An animated film depicting the true story about the cigarette-smoking, beer-drinking bear who ‘fought’ alongside soldiers during the Second World War has been created.
Wojtek, an orphaned cub adopted by the 22nd Artillery Division (Polish 2nd Corps) in 1942, quickly became a beloved mascot.
He was awarded the rank of Private after learning to march with the troops, salute, and even carry cases of ammunition.
In 2018, it was announced that the producer of the Christmas classic The Snowman had started work on a film. However, progress was halted by the coronavirus pandemic.
Now that production has resumed, it is known that Bill Paterson, Fleabag star, will provide voiceovers.
Work has begun on an animated film depicting the true story of the cigarette smoking, beer drinking bear named Wojtek which ‘fought’ alongside soldiers in the Second World War Above: The bear with a soldier during the war
Wojtek, an orphaned cub adopted by the 22nd Artillery Division (Polish 2nd Corps) in 1942, quickly became a beloved mascot. Wojtek in Polish literally means’smiling soldier’ or ‘he who loves war’. Above: The bear holding a beer bottle.
He was made a Private and learned to march alongside troops, salute and even carry ammo cases. Above: Wojtek with troops at the Battle of Monte Cassino in 1944
Concept images show the potential film, one showing Wojtek holding an ammunition shell.
The film, entitled A Bear Named Wojtek will be released in the fall of next year.
It is being directed and produced by Iain Gardner, a Scottish animator.
Augustyn Karaolewski, a Polish veteran who fought alongside Wojtek, said in 2008 that he drank beer like any other man and would just gulp down. He also liked cigarettes.
Wojciech Narebski, another veteran, stated that Wojtek’s friendly greeting for the returning, often very tired, soldiers was for them a very important relaxation thing.
After defeating the Nazis, the Polish regiment was sent to Italy by the Italian government. However, they were informed that pets and animals weren’t allowed onboard the transport ship.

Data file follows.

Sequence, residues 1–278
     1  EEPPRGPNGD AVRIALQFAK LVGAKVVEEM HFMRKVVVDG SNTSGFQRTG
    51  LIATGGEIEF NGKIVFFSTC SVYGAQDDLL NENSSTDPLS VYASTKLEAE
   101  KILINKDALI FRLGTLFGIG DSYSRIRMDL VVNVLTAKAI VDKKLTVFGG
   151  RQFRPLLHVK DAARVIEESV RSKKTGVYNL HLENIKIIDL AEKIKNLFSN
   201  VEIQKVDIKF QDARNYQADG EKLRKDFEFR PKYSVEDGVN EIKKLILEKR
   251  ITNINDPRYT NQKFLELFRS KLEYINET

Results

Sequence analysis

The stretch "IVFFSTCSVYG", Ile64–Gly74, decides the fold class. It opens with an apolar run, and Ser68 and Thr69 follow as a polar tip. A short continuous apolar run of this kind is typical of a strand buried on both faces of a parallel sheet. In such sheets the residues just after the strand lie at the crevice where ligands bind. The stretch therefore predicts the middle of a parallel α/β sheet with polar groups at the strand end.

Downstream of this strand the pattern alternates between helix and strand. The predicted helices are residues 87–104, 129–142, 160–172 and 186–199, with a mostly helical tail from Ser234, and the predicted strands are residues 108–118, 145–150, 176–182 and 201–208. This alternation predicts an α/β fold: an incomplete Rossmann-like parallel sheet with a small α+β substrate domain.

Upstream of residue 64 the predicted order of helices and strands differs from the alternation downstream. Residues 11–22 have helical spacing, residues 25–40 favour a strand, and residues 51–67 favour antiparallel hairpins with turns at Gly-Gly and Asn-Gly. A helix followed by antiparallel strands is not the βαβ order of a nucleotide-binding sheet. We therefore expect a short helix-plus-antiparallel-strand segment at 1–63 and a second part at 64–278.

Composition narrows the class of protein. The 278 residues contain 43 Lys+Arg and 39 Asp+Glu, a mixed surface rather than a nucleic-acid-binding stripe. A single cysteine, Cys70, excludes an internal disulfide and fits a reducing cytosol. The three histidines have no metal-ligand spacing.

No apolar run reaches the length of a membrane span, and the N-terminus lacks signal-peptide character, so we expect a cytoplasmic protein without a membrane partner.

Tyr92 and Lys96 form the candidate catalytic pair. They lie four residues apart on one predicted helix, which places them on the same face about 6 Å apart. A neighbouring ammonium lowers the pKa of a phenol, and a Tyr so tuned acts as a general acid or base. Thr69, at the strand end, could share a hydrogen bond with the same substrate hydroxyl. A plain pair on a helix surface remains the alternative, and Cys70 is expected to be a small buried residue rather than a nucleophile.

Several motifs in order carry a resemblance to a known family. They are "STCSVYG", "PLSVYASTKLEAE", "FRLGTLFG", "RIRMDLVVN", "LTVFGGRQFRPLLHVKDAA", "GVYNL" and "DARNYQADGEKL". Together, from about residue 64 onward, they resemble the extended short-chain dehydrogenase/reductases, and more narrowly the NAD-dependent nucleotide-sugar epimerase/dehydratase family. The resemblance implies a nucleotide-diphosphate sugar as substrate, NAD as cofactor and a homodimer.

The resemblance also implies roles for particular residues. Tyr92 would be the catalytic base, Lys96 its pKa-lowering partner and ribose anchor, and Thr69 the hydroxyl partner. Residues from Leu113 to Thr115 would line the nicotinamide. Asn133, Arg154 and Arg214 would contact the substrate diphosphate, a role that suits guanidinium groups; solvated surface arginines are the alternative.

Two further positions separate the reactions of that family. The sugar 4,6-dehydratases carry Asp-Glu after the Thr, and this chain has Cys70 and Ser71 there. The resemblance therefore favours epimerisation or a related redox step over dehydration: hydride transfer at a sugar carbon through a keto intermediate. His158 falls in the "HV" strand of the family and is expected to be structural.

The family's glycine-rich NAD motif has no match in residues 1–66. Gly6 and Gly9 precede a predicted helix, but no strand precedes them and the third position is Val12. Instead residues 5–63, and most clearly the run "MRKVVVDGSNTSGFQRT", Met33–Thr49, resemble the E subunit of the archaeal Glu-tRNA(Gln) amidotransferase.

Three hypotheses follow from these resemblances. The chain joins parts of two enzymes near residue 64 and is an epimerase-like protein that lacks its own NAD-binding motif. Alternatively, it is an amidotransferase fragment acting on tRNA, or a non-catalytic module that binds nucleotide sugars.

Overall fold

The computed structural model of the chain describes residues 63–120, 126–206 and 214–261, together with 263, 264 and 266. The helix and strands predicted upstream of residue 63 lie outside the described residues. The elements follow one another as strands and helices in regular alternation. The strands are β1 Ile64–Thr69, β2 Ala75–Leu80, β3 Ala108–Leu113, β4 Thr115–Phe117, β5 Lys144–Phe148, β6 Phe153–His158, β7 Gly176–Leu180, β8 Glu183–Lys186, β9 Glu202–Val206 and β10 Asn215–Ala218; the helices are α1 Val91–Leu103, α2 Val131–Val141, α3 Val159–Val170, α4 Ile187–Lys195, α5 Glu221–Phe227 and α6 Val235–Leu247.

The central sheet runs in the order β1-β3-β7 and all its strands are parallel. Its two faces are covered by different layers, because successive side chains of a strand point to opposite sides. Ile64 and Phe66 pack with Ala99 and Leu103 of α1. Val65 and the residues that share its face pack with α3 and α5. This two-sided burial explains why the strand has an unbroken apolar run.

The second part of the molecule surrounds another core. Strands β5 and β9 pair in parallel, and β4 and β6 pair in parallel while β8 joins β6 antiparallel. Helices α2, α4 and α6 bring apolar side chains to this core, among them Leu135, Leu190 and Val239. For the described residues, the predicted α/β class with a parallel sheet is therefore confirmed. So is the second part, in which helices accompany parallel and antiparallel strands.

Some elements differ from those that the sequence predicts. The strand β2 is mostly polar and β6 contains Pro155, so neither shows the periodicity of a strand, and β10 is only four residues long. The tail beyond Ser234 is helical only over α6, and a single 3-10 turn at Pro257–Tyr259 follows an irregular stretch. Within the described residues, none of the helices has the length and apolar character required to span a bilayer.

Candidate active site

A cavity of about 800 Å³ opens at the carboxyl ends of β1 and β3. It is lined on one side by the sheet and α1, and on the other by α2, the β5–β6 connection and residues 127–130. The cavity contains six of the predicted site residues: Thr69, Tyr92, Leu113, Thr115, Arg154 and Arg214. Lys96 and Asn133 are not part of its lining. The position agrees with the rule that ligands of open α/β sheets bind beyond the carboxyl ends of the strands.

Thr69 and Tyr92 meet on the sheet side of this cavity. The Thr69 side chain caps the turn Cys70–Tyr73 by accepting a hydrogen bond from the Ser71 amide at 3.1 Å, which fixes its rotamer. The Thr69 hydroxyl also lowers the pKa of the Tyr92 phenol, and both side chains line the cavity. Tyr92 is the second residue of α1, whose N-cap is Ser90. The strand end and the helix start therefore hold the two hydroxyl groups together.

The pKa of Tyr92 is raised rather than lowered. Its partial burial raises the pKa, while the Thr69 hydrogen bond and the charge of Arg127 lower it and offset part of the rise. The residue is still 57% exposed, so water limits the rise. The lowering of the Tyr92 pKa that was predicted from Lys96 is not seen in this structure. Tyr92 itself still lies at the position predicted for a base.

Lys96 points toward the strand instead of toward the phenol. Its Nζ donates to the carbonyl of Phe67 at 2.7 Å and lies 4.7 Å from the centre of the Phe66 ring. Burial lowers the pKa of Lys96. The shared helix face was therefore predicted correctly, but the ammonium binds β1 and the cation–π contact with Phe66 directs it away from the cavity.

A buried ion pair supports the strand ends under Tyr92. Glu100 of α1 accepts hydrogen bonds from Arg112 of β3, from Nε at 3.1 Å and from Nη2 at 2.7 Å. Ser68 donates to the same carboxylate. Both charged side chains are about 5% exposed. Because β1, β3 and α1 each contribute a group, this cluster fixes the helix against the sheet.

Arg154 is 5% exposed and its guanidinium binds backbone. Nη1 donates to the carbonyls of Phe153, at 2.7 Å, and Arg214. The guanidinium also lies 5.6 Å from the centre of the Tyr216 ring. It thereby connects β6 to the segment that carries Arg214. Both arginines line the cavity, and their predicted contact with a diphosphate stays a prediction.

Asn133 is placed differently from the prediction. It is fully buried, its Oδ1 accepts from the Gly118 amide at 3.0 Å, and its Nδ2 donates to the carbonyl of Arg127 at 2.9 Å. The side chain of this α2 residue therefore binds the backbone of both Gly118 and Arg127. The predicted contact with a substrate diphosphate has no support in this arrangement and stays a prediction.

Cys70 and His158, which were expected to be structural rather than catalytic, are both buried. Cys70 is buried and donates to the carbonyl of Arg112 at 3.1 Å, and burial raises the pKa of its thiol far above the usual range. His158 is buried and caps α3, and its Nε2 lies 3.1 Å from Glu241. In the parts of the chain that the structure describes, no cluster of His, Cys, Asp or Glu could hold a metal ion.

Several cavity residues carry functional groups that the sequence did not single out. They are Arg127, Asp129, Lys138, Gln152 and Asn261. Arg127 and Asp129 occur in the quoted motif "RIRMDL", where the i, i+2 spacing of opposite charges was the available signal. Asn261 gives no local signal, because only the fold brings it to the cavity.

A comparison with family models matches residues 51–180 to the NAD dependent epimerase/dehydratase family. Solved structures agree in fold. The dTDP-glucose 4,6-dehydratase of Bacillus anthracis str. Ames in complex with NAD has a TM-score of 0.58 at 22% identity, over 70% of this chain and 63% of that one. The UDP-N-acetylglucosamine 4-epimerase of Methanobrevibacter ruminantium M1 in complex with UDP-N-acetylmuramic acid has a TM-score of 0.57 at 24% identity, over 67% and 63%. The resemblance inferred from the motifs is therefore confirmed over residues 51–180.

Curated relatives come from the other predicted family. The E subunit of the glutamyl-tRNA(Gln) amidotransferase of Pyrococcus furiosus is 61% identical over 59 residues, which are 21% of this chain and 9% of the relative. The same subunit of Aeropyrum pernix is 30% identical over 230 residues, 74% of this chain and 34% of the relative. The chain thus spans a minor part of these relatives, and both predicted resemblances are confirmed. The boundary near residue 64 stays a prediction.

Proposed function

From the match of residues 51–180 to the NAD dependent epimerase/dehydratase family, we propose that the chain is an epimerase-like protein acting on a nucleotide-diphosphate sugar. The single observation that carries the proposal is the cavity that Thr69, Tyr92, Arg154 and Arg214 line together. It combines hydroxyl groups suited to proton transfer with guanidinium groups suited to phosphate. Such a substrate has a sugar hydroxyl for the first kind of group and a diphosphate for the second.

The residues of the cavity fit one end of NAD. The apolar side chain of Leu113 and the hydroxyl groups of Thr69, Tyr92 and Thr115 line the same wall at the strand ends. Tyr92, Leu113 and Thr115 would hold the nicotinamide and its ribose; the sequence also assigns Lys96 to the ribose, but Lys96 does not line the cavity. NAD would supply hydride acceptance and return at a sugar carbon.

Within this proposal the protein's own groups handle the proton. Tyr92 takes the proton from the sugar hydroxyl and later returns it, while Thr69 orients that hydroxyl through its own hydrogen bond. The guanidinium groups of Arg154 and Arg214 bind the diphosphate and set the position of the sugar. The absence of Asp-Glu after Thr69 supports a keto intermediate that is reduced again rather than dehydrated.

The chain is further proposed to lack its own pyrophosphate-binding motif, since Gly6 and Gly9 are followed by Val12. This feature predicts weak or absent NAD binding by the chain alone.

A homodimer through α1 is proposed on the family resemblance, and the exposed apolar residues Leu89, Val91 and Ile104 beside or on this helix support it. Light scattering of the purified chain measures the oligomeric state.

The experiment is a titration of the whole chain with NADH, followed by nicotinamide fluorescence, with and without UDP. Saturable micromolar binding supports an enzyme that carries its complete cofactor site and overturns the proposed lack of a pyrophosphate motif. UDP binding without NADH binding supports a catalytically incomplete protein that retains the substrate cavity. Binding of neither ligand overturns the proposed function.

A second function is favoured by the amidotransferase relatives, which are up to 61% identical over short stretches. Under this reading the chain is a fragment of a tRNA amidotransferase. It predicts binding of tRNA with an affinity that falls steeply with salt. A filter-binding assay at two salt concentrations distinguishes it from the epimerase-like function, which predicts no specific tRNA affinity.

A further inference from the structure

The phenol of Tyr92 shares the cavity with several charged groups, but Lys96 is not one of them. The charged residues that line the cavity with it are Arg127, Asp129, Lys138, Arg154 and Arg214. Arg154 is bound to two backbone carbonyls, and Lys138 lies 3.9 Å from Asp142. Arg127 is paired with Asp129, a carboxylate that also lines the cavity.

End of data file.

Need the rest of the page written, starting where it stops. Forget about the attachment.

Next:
Wojtek was not to go unattended, so the soldiers enlisted the 6-foot bear in their ranks as a private with his pay-book.
In 2018, it was announced that the producer of The Snowman, a Christmas classic, had begun work on a film. However, production was halted by the coronavirus pandemic. Now production is starting again, and it has been announced that Bill Paterson, Fleabag’s star, will be one of the actors providing voiceovers.
Concept images show the film’s potential look. One image shows Wojtek holding an ammunition shell.
Wojtek was a fully-fledged member the Polish 2nd Corp upon his arrival at the Italian front. His most famous moment was during the 1944 siege Monte Cassino, an old hilltop monastery in Italy, that the Germans had made an impregnable fortress along the key approach to Rome.
Wojtek, a bear weighing 100 pounds (45 kg) and carrying crates of 25Ib artillery shells for the Allied assault, was part of the horrific campaign that saw more than 50,000 Allied troops die.
According to a Der Spiegel report from 2012: ‘A British vet recounted how he was shocked to see a full-grown bear calmly carrying mortar bombs past him during the bloody Battle of Monte Cassino in the spring of 1944.
On May 16, soldiers of the Polish 2nd Corps launched a final attack on the Germans along a front of twenty-miles.